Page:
AstraZeneca’s Brilinta (ticagrelor) met its primary endpoint in the Phase III Thales trial, boosting the blockbuster drug’s prospects in prevention of acute ischemic stroke (AIS) and transient ischemic attack (TIA).
GlobalData believes that Brilinta’s use in these patients will significantly increase even before the approval in these indications, as the drug is currently used off-label in AIS and TIA patients, albeit very rarely. Nevertheless, the drug will face fierce competition with much cheaper clopidogrel (Plavix generics) and therefore AstraZeneca may focus on a very specific patient population (carriers of the CYP2C19 loss-of-function allele) to effectively capture a portion of the stroke market and significantly boost drug sales.
In combination with aspirin, Brilinta significantly decreased the risk of stroke or death over aspirin alone in patients who had suffered AIS or TIA and began treatment within 24 hours for 30 days. Provided the approval is obtained for the use of aspirin / Brilinta dual antiplatelet therapy (DAPT) in AIS and TIA, physicians would use the twice-daily Brilinta as a short-term 30-day treatment, as tested in the THALES trial. Previously, GlobalData’s primary research showed a very low level of off-label use of Brilinta globally, while in some countries, like the UK and Japan, no off-label use of this drug was detected.
Combining antiplatelet drugs to maximise efficacy is a common strategy in stroke prevention and the combination of aspirin and clopidogrel is the most commonly prescribed DAPT. Clinical trials have been investigating antiplatelet combinations that could be superior to aspirin monotherapy. In the POINT trial, clopidogrel combined with aspirin demonstrated reduced risk of major ischemic events occurring in patients with minor AIS or high-risk TIA. However, the trial also reported a higher risk of haemorrhage at 90 days in patients receiving the combination.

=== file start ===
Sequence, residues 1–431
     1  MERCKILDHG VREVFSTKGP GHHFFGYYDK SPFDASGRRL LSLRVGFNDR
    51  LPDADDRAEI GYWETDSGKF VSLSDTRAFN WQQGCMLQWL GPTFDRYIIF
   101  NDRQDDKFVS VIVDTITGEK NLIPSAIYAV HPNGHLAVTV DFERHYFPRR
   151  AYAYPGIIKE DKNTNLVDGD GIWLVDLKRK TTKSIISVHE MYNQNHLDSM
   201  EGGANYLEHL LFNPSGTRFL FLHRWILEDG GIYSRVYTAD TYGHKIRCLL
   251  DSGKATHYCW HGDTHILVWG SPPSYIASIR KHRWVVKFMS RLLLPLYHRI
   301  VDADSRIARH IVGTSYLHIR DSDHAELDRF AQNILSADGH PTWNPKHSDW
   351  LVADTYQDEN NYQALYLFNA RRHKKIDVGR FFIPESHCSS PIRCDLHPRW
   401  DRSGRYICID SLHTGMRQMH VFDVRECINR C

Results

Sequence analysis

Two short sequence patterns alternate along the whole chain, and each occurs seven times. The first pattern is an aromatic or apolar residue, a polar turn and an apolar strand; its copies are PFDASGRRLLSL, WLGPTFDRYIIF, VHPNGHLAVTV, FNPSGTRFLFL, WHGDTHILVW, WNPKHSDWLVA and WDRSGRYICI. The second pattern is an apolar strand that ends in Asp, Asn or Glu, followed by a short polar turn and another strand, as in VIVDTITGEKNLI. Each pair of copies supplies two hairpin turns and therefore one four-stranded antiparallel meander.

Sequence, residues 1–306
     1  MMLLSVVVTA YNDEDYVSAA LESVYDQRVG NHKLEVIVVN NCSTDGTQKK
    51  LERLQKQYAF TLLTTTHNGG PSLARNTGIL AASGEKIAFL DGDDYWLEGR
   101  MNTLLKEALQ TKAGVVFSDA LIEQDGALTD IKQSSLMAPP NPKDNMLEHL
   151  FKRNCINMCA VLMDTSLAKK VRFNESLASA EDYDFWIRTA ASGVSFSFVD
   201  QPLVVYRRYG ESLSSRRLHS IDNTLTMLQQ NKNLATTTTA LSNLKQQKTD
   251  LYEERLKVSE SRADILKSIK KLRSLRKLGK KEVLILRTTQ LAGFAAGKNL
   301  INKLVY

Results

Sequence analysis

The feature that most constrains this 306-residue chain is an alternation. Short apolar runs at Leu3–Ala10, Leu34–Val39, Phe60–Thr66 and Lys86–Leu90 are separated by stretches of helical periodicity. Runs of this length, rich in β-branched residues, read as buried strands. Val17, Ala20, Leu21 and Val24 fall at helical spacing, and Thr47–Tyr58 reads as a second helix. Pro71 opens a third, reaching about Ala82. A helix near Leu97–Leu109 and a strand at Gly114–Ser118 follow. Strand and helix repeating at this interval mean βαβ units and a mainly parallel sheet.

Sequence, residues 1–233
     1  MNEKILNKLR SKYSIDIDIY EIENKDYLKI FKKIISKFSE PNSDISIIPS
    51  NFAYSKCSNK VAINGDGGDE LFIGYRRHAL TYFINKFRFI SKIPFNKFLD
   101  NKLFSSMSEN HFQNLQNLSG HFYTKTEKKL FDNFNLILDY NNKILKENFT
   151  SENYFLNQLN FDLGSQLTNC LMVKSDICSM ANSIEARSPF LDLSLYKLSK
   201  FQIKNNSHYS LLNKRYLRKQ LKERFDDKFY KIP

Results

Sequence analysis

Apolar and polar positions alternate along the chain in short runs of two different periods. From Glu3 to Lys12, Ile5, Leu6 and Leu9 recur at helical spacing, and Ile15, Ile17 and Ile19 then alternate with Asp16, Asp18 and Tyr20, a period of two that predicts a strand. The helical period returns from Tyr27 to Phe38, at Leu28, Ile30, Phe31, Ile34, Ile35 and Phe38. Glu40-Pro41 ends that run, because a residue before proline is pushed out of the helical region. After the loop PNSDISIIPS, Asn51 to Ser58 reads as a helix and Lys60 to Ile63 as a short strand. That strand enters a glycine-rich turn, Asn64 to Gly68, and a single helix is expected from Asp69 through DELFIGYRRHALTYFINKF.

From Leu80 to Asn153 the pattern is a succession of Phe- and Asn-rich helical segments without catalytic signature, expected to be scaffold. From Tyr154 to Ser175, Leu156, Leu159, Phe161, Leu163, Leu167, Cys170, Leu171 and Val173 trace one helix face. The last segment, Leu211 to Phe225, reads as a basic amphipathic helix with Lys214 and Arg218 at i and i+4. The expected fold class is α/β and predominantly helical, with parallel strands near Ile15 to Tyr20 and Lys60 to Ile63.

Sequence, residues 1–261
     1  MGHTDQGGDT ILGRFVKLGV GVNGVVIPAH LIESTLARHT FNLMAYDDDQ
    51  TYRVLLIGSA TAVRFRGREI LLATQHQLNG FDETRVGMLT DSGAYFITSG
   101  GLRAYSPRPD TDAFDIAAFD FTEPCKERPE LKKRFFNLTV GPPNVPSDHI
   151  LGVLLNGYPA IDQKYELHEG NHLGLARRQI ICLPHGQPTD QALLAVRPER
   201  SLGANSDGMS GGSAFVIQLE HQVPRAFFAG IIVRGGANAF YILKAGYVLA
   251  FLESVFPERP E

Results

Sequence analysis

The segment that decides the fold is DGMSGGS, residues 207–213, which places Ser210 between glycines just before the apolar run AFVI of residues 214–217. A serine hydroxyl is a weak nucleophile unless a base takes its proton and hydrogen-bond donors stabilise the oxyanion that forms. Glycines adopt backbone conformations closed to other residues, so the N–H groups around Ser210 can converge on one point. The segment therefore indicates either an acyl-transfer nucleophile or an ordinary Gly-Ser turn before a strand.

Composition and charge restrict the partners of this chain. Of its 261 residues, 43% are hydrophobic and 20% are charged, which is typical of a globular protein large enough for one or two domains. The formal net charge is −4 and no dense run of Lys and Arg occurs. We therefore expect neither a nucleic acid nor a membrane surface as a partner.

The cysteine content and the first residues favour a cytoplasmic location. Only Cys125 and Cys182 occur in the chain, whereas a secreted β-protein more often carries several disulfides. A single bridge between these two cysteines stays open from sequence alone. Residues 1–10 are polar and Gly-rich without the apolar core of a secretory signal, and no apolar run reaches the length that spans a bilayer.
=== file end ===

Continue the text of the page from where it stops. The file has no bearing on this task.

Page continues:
Some studies have shown that patients with minor AIS or TIA who are treated with Brilinta plus aspirin have a lower proportion of high platelet reactivity than those who are treated with clopidogrel plus aspirin, particularly for those who are carriers of the CYP2C19 loss-of-function allele.
GlobalData believes that Brilinta will likely be used as an add-on to aspirin in AIS and TIA patients carrying the CYP2C19 loss-of-function gene, as clopidogrel has decreased antiplatelet efficacy in patients who are poor metabolisers of CYP2C19. By targeting a niche population with specific unmet needs, the drug could steal some patient share from the much cheaper clopidogrel generics.
Brilinta is approved in all major markets for the treatment of acute coronary syndrome and for the secondary prevention of cardiovascular events among high-risk patients who have experienced a heart attack. Penetrating even a small portion of the stroke market would significantly boost the drug’s sales, as clopidogrel sales in 2019 (Plavix and clopidogrel generics), for stroke patients alone, were estimated to be close to $1bn, according to a GlobalData report.